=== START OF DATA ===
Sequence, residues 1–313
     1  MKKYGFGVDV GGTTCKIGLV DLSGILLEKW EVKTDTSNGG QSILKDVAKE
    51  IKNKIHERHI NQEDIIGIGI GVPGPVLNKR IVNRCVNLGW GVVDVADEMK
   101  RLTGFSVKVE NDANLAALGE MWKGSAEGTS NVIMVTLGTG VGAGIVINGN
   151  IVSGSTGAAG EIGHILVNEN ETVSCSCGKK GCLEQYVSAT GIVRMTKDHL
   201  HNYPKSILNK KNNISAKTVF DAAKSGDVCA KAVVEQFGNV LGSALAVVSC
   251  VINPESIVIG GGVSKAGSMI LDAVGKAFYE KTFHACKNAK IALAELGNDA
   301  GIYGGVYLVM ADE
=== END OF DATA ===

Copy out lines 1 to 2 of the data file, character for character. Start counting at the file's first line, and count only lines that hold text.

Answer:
Sequence, residues 1–313
     1  MKKYGFGVDV GGTTCKIGLV DLSGILLEKW EVKTDTSNGG QSILKDVAKE